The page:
testing

Orleans Parish officials say this is the fourth year of stagnant or declining test scores.
DCJOHN / Flickr (CC BY 2.0)

Participating in the state’s school voucher program leads to worse performance on state tests in math, according to the latest study on the Louisiana Scholarship Program.

Orleans Parish officials say this is the fourth year of stagnant or declining test scores.
DCJOHN / Flickr (CC BY 2.0)

Less than half of Louisiana students are on track to master important math, reading and writing skills, according to a new report from the Louisiana Department of Education.  

With two New Orleans charters accused of standardized test fraud, the Recovery School District is beefing up test security.

An RSD news conference sought to reassure the public that New Orleans test scores will be trustworthy. That's in the wake of investigations on test fraud at SciTech Academy and Landry-Walker High School.

Last spring, students across Louisiana took a new standardized test called PARCC — also known as the Common Core test. Now the state has released preliminary test scores.

It wasn’t a comfortable conversation, as Lake Charles Rep. Brett Geymann — a Common Core opponent — grilled Louisiana Superintendent of Education John White in the House Appropriations committee meeting Tuesday. At issue were plans to purchase new batteries of state standardized tests.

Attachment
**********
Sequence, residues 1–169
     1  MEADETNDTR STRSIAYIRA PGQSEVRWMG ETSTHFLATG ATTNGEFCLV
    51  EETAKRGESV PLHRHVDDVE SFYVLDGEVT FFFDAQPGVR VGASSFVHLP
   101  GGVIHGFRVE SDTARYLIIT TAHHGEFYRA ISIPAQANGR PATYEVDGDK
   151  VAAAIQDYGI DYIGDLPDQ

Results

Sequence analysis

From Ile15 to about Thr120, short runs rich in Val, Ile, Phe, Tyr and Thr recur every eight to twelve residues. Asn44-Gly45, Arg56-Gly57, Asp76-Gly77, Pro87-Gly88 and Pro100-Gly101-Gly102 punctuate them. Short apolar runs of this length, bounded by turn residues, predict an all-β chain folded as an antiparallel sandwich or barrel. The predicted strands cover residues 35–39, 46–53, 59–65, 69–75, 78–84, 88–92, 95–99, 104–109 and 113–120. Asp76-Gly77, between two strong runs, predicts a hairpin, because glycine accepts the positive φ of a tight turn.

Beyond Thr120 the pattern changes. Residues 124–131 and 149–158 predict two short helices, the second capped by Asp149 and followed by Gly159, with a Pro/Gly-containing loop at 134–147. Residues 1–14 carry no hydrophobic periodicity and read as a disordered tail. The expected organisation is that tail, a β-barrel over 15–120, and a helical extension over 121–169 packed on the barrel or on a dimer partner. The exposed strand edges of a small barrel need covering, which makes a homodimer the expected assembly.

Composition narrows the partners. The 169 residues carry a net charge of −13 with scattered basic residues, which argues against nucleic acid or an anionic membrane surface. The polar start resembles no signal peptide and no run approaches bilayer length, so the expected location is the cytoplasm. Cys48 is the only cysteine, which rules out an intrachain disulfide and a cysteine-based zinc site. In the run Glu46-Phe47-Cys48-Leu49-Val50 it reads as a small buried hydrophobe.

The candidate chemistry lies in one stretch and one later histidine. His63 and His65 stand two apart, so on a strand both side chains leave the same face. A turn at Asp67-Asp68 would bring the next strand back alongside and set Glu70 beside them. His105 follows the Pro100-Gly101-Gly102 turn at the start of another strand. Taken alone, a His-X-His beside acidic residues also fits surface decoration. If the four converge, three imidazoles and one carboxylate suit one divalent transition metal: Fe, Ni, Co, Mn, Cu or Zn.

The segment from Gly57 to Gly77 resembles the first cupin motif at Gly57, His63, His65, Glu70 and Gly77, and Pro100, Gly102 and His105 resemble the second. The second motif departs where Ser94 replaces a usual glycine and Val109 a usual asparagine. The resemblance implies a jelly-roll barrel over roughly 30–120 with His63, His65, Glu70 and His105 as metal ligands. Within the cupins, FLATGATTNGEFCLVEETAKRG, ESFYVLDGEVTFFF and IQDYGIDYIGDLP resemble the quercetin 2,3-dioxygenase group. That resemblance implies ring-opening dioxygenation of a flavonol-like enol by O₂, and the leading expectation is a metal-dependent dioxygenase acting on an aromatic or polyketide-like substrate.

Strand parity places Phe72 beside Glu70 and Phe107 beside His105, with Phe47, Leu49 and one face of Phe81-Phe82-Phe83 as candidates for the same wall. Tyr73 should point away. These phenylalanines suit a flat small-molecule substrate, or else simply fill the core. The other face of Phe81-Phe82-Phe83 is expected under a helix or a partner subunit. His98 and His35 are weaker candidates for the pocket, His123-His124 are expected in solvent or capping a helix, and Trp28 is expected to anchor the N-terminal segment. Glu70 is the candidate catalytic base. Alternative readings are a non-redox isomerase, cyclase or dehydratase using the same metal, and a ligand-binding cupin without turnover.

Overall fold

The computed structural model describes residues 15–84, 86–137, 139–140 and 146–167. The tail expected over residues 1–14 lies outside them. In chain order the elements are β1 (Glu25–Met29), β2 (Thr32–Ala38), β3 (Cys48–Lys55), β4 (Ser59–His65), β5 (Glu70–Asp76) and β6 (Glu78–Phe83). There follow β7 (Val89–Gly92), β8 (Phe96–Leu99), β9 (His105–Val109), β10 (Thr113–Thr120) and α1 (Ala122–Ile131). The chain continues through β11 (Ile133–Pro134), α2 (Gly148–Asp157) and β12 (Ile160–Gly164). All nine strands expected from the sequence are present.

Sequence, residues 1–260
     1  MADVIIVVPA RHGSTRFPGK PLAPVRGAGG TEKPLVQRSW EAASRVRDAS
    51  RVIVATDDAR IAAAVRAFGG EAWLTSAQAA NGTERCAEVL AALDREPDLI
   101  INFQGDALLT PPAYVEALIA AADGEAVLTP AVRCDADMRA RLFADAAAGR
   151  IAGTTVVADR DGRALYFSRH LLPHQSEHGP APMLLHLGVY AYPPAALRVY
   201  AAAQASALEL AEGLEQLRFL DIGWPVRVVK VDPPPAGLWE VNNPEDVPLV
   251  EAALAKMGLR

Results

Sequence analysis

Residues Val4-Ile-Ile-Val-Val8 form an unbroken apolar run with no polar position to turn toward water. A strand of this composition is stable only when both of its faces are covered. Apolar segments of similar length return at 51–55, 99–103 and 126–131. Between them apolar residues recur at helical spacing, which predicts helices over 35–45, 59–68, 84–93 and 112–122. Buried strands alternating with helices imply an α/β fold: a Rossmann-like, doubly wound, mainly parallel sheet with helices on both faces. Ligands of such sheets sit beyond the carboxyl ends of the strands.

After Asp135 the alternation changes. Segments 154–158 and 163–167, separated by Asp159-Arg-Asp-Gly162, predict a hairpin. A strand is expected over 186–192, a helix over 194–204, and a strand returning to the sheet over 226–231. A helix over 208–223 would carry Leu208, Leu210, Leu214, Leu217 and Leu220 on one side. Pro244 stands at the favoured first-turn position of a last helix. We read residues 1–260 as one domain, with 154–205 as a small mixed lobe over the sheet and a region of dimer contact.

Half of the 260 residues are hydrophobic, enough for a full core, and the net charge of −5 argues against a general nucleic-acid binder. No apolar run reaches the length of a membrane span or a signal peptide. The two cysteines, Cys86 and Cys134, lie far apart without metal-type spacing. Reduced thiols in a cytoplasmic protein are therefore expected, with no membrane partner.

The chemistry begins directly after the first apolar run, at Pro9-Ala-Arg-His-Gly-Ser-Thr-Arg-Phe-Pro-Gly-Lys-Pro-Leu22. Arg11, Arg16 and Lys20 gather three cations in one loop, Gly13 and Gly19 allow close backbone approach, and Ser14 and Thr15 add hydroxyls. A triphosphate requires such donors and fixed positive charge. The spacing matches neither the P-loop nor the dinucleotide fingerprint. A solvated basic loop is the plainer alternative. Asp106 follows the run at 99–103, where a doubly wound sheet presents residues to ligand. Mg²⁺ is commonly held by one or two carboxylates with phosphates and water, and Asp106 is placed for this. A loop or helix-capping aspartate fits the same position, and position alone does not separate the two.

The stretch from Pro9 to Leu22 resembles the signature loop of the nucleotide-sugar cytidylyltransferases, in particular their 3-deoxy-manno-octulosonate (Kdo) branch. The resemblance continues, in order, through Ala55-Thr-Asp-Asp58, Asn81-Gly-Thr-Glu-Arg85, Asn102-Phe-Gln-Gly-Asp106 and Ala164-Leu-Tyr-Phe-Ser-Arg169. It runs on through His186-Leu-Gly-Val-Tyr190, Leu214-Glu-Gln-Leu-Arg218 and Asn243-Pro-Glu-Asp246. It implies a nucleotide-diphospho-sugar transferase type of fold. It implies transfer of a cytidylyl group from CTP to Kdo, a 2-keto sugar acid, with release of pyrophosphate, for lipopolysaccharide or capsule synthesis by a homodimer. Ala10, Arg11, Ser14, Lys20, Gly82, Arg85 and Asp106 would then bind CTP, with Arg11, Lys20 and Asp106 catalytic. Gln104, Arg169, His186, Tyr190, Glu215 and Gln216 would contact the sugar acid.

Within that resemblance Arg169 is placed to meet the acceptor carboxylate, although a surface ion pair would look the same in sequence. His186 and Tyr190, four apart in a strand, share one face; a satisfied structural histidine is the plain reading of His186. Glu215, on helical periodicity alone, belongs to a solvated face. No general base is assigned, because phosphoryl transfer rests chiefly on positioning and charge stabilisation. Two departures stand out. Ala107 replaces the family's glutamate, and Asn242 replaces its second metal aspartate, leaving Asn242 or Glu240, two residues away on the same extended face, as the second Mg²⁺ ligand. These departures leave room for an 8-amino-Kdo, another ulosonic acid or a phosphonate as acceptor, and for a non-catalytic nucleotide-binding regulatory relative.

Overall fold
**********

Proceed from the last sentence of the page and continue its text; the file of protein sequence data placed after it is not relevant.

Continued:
Alberto G. / Flickr

A few years ago, a new phrase became all the rage in education reform: Data driven. Students take benchmark and standardized tests throughout the year, and the tests generate lots of data. But how do teachers turn those data points into lesson plans?

Louisiana's Standardized Test Results Are In

May 27, 2014

The state Department of Education announced LEAP and iLEAP test results for third through eighth graders on Tuesday. And, even though the tests have gotten tougher, overall performance remains the same.

More than 60 percent of New Orleans students scored “basic” or above on the state’s LEAP and iLEAP tests, which is considered average proficiency. That’s the same as they scored last year.

Sarah Carr / WWNO

As the stakes grow higher for standardized tests, so too does the desire to test more students — including younger and younger ones. WWNO wraps up its series "Behind the Test."

The three-year-olds at Kids of Excellence child care center learn largely through play. Kristi Givens, the center’s director, tries to make sure they are ready for big school by the time they leave.

Mallory Falk / WWNO

WWNO continues its series "Behind the Test" with a look at standardized testing through the lens of test anxiety. In the weeks leading up to the LEAP test, teachers do a lot to prepare students: drilling them on crucial skills, giving out practice tests, even holding pep rallies to boost confidence. But what about preparing students to cope with test-related anxiety?

Brittany Healy is leading a small group of fifth graders in a guided imagery activity. They’re sprawled out on a couch and sunken into bean bag chairs. Eyes shut, arms loose at their sides.

The state released the latest "Top Growth" scores Tuesday.
midnightpeace_90 / Flickr

WWNO continues its series “Behind the Test” with a look at test security. The paper booklets, and students’ answers inside, can determine things like teacher pay or the very existence of a school. It takes a lot of effort — and people — to keep the testing materials secure through delivery, administering the test, turning them in and then scoring.

The booklets and answer sheets for Louisiana’s LEAP tests come from a company called Data Recognition Corporation in Minnesota. When the Recovery School District's tests arrive they go straight to a warehouse.

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